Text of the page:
NFU Submission to CGC Consultation on Canadian Wheat Class Modernization

 
The National Farmers Union (NFU) welcomes the opportunity to comment on the Canadian Grain Commission’s (CGC) proposed changes to Canadian wheat classes as presented in  Canadian wheat class modernization Consultation document,  February 20, 2015 . The NFU urges the CGC to also consult with end-users, millers and plant breeders before making any decision regarding the wheat class framework.
The NFU is a non-partisan, nation-wide democratic organization made up of thousands of farm families from across Canada who produce a wide variety of commodities, including grains. The NFU advocates for policies designed to raise net farm incomes; promote a food system that is built on a foundation of financially-viable family farms which produce high-quality, healthy, safe food; encourage environmentally-sensitive practices that will protect our soil, water and other natural resources; and promote social and economic justice for food producers and all citizens.

NFU recommends maintaining the current framework

The NFU is satisfied with the current wheat class framework. The proposed addition of a lower-protein milling wheat class would have a negative impact on farmers, consumers, public wheat breeders and Canada’s reputation in export markets. Benefits of the proposed changes would flow primarily to multinational grain companies and seed corporations based in the United States.
 
The problems identified in the CGC consultation document, namely consistency and marketability of Canadian Western Red Spring (CWRS) class wheat in regard to protein content and gluten strength, are not due to the limitations in wheat classes, but can be explained by other factors and solved without changing the current class parameters. As stated in the consultation document, Canada’s grain quality assurance system “allows grain to be segregated according to class, type and grade, thus enabling end-users to purchase shipments of grain with predictable processing qualities.”
 
The question is whether unpredictable processing qualities experienced by Canadian wheat customers are due to the CWRS parameters being too wide, or if there are other causes for these concerns. Factors not related to the wheat class definitions include:
  • Co-op trials have not been designed to capture the degree of climatic or weather variability that has become part of the prairie farming environment in recent years. If varieties are tested during dry years, data will not reveal reduced protein and/or reduced gluten strength that can occur in susceptible varieties when soil nitrogen levels are inadequate to support the increased growth and/or are compromised due to leaching.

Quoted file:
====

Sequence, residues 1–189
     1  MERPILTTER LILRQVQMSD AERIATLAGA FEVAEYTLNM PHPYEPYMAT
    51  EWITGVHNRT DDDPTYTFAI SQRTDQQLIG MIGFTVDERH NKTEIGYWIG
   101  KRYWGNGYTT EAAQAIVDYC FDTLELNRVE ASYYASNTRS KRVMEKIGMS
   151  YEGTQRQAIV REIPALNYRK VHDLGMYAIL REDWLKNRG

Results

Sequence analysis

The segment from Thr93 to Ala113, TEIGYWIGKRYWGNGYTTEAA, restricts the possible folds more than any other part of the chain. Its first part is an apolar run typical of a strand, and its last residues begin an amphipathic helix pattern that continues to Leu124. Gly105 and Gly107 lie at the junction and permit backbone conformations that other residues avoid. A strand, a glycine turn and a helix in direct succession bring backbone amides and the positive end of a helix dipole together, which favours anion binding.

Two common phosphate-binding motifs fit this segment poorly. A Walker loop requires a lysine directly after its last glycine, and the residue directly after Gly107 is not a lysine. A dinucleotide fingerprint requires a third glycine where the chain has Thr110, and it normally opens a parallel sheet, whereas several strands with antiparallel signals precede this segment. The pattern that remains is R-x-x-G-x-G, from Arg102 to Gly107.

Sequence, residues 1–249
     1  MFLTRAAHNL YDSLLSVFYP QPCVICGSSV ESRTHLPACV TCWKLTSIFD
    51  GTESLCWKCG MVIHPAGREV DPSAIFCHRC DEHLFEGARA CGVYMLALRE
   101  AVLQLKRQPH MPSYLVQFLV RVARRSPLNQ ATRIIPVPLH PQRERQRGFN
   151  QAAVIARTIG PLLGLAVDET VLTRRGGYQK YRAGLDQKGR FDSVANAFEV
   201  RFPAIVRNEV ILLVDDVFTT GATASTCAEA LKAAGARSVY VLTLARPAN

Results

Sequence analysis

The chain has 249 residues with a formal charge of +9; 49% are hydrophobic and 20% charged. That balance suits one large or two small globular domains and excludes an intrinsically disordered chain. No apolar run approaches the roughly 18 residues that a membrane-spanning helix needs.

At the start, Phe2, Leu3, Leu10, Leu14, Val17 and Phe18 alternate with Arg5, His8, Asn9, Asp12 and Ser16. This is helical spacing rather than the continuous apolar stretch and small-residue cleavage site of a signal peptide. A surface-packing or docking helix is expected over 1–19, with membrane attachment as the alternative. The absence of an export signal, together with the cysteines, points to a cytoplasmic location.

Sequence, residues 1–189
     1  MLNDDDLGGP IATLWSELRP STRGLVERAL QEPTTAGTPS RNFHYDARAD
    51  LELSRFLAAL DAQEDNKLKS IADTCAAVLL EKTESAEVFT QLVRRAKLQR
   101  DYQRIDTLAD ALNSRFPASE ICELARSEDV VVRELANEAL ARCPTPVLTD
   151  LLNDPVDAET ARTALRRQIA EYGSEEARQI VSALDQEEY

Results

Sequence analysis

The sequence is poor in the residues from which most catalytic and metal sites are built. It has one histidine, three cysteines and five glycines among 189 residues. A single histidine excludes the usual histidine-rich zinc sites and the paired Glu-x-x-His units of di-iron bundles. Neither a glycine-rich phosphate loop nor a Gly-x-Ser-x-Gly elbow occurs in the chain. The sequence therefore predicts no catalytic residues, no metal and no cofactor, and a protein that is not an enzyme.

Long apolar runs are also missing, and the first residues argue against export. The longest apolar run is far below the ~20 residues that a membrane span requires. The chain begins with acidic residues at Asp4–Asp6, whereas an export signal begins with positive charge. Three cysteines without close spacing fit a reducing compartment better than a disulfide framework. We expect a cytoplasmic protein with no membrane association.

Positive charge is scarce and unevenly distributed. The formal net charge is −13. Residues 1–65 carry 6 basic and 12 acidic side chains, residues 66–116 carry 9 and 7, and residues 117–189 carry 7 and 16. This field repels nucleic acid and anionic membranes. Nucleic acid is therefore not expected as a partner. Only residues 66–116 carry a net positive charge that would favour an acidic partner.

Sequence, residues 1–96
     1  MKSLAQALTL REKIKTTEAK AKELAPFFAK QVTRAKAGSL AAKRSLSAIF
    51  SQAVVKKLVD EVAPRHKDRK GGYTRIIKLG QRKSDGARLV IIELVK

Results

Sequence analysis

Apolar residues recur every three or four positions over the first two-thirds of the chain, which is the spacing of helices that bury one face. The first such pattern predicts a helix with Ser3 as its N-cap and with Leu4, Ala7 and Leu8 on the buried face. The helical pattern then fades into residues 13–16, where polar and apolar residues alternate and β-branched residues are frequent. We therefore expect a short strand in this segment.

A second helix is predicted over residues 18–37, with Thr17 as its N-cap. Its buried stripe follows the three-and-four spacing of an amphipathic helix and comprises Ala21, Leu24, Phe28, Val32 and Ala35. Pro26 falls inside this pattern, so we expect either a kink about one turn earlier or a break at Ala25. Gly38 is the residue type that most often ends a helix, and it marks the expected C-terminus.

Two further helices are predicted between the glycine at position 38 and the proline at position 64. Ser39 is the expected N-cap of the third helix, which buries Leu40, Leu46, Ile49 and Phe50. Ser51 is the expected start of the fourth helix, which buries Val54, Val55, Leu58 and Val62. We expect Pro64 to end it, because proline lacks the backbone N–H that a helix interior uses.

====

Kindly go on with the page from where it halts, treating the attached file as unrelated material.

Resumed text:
• Grain shipments are less consistent due to grain companies’ widespread adoption of composite loading at grain terminals, particularly when this involves larger vessels. While the whole load may provide an average protein content that meets end-user specifications, differences among holds in the vessel may be significant. If the grain company does not blend the shipment before delivering to its customers, the inconsistency may be incorrectly attributed to a problem with the class of wheat provided.
  • Fungicide and/or glyphosate use during production may compromise gluten strength. This hypothesis is currently being investigated by Canadian International Grains Institute (CIGI). Fungicide use is more widespread in wet years, which may exacerbate problems with varieties that perform poorly in wet years.
  • Unlike the former single desk Canadian Wheat Board, grain companies do not have access to the whole prairie crop for blending purposes and thus have less capacity to meet customer specifications. Grain companies may also wish to avoid the cost of coordinating shipments that would permit blending required to achieve the consistent quality Canada’s export customers have come to expect. The lack of consistency in protein may be due more to grain company behaviour than the parameters of the wheat class.
  • Grain companies have all but ceased offering farmers protein premiums since the single desk was ended. Without these premiums, farmers seek to compensate for lost income by looking for higher yielding varieties, which contributes to the popularity of Lillian and Unity.
  • Climate change is making the prairies wetter in general, making it more difficult to obtain high protein crops.
 
There are other ways to solve the predictability of processing problems, such as:
 
  • Use existing tools to deal with poorly performing varieties. For example, low gluten-strength varieties that have been identified (Lillian, Unity) can be deemed ineligible for grading above No. 3.
  • If fungicide and/or glyphosate use is found to have an impact on gluten strength in marginal varieties, consider adding a warning to the fungicide label and/or requiring a declaration regarding fungicide and/or glyphosate use when delivering varieties with gluten strength issues.
  • Reinstate inward inspection as a way to discipline grain companies that may be denying protein premiums to farmers by unjustly down-grading their grain. If farmers receive protein premiums they will have a stronger incentive to seek high protein results instead of focussing entirely on yield.
  • Update co-op trial protocols to include tests that would provide data on performance under wet, low-nitrogen conditions.